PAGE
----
She had to feed the spider somehow. She started to self-mutilate. She started with a knife, but it was not enough. She slashed her arms, letting the blood run wildly. She licked the sharp blade and gasped with pleasure. For a while she had appeased it. For a while she had hoped it would ask nothing else of her and she’d be left to go on dreaming of her nocturnal lover. She liked feeling once again the flutter of butterflies in her stomach, dizzily spinning around, together with the room, with the street, with the city, with the enraged god dripping venom and melancholy over the world. Sadness oozed everywhere in nauseating waves.

She had headaches more frequently. Atrocious, long-lasting, sharp aches. Edge, blade, knife, metallic glint. Horror. Vomit. Her smooth belly convulsing. The spider was slowly feeding on her memories. It was ripping tissue charged with meaning, it dug inside her memory with its pincers, and it swallowed whole chunks of her past. It gobbled down one year after another, stripping everything to the bone, in its wake lining her mind with a see-through, rotten web, like a shroud. Suffocating, the pitch black darkness flooded her skull. An endless, abominable night was setting. In the quiet before the storm, you could only hear the rustle of those eight legs and the venom dripping slowly from the fangs. All of a sudden, outside of time, the web began to tremble slowly. Like the ripples on a lake set off by a pebble. Heavy wings, weighed down by stardust, beat the heavy air under the dome of her skull. The web quivered fitfully while the brilliant night butterfly struggled to release its wings from the web of threads that kept tightening around its body. It had butterfly wings, but the body was that of a man with white, juicy, pearled skin, glinting in glassy colours. He was unreal. Splendid. One of a kind. Any woman’s dream lover. Now a sure prey in the sticky web from which, try as he might, he would never have escaped.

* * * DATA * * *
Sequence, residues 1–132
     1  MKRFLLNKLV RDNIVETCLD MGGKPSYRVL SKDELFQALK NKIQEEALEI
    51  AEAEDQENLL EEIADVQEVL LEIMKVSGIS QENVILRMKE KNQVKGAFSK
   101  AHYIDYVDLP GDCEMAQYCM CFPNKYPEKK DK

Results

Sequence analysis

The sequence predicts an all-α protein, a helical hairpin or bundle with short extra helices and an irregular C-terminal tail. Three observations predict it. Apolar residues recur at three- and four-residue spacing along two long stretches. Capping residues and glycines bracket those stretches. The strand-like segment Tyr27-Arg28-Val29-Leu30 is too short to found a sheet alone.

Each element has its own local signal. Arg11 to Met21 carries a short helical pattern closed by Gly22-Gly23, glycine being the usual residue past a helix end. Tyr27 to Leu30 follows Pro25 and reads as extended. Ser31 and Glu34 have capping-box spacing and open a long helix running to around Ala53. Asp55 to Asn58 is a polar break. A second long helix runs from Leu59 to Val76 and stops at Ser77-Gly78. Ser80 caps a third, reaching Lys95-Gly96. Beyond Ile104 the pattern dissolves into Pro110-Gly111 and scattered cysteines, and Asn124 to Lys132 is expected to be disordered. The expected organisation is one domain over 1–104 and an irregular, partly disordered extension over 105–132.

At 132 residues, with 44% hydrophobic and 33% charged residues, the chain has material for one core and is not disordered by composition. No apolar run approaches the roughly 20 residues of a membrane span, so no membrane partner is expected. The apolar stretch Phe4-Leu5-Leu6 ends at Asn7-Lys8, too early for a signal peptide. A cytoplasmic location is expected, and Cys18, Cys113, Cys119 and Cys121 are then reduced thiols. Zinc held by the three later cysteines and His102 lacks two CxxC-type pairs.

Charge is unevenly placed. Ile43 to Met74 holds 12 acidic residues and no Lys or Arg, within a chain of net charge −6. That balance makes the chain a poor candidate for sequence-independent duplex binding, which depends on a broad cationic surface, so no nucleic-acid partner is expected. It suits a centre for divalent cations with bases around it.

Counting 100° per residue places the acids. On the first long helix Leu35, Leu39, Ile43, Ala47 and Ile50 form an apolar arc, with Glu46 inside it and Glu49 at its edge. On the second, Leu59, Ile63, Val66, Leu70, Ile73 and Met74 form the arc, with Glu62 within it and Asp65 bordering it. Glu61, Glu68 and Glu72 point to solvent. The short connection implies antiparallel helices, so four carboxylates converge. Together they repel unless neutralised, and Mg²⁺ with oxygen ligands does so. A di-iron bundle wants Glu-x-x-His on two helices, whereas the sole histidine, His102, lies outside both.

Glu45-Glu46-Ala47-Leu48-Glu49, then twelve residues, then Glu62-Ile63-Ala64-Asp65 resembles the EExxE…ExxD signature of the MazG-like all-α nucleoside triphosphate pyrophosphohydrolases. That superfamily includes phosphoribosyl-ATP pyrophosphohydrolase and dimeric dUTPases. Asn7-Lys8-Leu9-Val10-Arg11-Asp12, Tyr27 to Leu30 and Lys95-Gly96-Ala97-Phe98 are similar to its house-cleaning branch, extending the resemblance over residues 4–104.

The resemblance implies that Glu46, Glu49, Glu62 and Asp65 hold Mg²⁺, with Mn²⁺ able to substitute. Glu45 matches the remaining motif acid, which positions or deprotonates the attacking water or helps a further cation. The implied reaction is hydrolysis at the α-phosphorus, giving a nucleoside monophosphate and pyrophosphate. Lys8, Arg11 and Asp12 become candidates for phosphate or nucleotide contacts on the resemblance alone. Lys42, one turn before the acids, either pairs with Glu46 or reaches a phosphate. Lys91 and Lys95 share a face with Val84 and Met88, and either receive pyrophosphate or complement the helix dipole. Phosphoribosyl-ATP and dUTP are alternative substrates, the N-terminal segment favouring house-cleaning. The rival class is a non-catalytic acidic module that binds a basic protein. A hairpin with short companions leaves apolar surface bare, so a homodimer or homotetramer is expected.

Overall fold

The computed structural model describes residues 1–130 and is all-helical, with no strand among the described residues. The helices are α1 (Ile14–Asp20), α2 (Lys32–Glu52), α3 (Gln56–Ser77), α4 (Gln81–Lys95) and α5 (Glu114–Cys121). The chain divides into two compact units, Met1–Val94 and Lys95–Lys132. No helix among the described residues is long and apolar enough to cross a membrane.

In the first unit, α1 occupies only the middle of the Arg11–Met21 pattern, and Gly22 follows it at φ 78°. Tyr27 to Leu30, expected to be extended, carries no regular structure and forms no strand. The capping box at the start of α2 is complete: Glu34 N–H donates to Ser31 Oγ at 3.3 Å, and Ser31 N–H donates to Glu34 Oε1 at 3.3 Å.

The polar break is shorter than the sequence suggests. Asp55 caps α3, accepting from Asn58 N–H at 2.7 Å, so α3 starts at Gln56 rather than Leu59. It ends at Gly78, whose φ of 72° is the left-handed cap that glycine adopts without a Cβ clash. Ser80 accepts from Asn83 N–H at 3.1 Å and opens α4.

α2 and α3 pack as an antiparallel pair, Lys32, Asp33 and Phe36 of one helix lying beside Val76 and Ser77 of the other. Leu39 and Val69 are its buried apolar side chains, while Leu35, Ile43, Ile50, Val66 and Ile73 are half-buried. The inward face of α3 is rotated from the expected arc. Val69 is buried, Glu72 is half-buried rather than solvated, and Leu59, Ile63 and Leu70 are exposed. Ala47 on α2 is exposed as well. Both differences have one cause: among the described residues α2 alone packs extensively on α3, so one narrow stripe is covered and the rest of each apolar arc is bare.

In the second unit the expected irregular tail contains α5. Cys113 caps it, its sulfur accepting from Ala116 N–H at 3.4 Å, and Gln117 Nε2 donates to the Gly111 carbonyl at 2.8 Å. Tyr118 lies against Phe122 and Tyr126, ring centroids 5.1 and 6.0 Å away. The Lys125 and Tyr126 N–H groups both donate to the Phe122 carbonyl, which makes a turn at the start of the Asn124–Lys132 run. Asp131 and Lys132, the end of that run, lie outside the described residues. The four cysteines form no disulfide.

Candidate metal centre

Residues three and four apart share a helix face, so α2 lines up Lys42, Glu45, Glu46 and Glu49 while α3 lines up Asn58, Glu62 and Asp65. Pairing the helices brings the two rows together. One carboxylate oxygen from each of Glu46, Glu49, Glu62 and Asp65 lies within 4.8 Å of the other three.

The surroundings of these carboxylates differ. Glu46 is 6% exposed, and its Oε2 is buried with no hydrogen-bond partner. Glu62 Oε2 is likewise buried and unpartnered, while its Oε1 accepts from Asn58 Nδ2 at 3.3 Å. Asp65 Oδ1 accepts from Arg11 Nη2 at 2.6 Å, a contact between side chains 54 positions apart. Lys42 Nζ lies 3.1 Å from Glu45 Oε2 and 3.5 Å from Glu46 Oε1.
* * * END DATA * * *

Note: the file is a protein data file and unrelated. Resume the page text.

Eight legs glided through the labyrinth of silk. A pair of pincers from which venom and love dripped. A belly that moved lustfully. The spider was slowly approaching the butterfly. The air was thick with a sacred terror and a soft, golden powder that was being dispelled by the butterfly’s wings. The spider snapped its metallic jaws a couple of times and bore down on its prey. It paralysed it, snatched it and started drinking its white blood from its silky body. It drained it like a little pouch. Creases of wrinkled skin.


Sated, the spider walked away, leaving behind the butterfly wings hanging from a dried husk that had until then covered the pearled flesh. With its belly full, the female retreated in a corner where she secreted a thick liquid in which she mixed the glue with the white blood of the butterfly. Then she began weaving the most beautiful spider web that had ever fitted inside the mind of a woman who dreams about her astral lover.

The spider